A method for inducing thrombolysis of thermally induced thrombus occurring during endovenous ablation of varicose veins, the method comprising the steps of (1) introducing an optical fiber laser deliver device with optical fiber portion having a diameter between about 50 μm and about 1000 μm and with an energy emitting tip at its distal end into the varicosed vein to be treated, and (2) emitting pulsed, laser energy with sufficient energy to close and destroy varicose veins to the emitting tip of the optical fiber laser delivery device, the pulsed laser energy having a wavelength of between about 0.5 μm and about 2.2 μm and having a pulse length between about 1 μs and about 5000 μs, and being pulsed at the rate of between about 5 Hz and about 1000 Hz, thereby inducing laser thrombolysis of coagulated blood which accumulates at the energy emitting tip of the fiber when the fiber is caused to emit energy in the presence of uncoagulated blood and minimizing adverse effects associated with thermally induced thrombus formed within a varicose vein.

Numerous other advantages and features of the present invention will become readily apparent from the following detailed description of the invention and the embodiments thereof, from the claims and from the accompanying drawings.

BRIEF DESCRIPTION OF THE DRAWINGS

FIG. 1 is a representative schematic block diagram of a preferred embodiment of the apparatus 100 of the present invention for performing an exemplary varicose vein closure procedure of the present invention.

FIG. 2A is a representative view of varicosed veins 200 to be treated according to an embodiment of the method and apparatus of the present invention.

FIG. 2B is a representative-view of the GSV 202 to be treated according to an embodiment of the method and apparatus of the present invention.

FIG. 2C is a representative view showing the beginning of the introducer or dilator 300 for percutaneous access according to an embodiment of the method and apparatus of the present invention.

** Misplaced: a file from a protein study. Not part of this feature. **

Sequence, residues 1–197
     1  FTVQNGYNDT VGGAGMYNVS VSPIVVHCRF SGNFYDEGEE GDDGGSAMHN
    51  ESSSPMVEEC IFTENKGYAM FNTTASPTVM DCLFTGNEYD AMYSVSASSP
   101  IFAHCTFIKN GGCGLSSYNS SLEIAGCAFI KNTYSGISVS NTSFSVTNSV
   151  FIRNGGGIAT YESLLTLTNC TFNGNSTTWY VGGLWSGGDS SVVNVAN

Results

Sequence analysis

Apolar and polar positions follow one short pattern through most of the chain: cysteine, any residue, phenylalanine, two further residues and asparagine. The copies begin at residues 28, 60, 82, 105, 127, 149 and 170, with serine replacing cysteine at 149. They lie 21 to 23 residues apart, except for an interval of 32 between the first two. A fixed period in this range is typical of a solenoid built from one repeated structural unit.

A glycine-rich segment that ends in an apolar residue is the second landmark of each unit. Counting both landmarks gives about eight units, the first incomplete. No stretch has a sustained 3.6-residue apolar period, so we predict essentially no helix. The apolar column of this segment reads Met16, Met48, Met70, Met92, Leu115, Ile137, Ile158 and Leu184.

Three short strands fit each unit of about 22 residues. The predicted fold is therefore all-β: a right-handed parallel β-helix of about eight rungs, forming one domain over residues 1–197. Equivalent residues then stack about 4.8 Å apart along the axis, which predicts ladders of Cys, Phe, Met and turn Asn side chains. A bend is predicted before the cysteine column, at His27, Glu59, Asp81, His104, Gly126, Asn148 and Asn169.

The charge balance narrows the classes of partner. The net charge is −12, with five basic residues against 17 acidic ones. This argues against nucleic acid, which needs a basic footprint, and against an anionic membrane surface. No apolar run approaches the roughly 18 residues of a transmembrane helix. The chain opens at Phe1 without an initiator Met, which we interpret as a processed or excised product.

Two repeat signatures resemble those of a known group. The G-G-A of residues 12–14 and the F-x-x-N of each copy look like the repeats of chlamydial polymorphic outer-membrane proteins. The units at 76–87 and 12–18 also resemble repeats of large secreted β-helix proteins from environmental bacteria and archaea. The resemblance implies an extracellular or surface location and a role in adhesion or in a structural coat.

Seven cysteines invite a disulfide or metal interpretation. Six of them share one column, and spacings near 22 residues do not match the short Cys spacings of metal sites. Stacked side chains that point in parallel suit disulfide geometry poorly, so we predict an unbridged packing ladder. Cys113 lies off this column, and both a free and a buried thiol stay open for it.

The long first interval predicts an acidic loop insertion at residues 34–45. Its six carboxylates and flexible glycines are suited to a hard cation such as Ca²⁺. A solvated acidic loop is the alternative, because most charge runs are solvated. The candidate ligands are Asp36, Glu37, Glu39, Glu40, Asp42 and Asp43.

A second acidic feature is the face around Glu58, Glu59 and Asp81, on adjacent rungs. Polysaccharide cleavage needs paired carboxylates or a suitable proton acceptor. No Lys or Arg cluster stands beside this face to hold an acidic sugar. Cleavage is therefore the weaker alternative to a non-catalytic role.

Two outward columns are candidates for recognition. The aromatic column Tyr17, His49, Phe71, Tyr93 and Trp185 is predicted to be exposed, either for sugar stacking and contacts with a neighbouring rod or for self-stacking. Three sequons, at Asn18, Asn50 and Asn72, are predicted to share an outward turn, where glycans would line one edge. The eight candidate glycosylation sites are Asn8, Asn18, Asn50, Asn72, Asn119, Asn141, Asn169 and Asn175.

FIG. 2D is a representative view showing the use of the introducer or dilator 300 with the laser fiber 306 passing through the lumen 302 of the dilator 300 and into the GSV 202 according to an embodiment of the method and apparatus of the present invention.

FIG. 2E is a representative view of the use of an ultrasound device 400 according to an embodiment of the method and apparatus of the present invention.

FIG. 3 is a is a representative view of a varicosed vein 200, showing prolapsed valves 690.

FIG. 4 shows curves for absorption coefficients of melanin, hemoglobin and water as a function of wavelength according to the preferred embodiment of the method and apparatus of the present invention.

FIG. 5 is a graphical illustration showing curves for absorption coefficients of collagen and human fatty tissue as a function of energy wavelength.

FIG. 6 is a graphical illustration showing curves for the ratio of the absorption coefficients of human fatty tissue and collagen as a function of energy wavelength.

FIG. 7 is a schematic representation of a flashlamp pumped solid state laser.

FIG. 8 is a schematic representation of an electronic pulse forming network used to produce pulsed laser output.

FIG. 9 is a photo of an oscilloscope readout illustrating a flashlamp pulse generated by the pulse forming network shown in FIG. 8.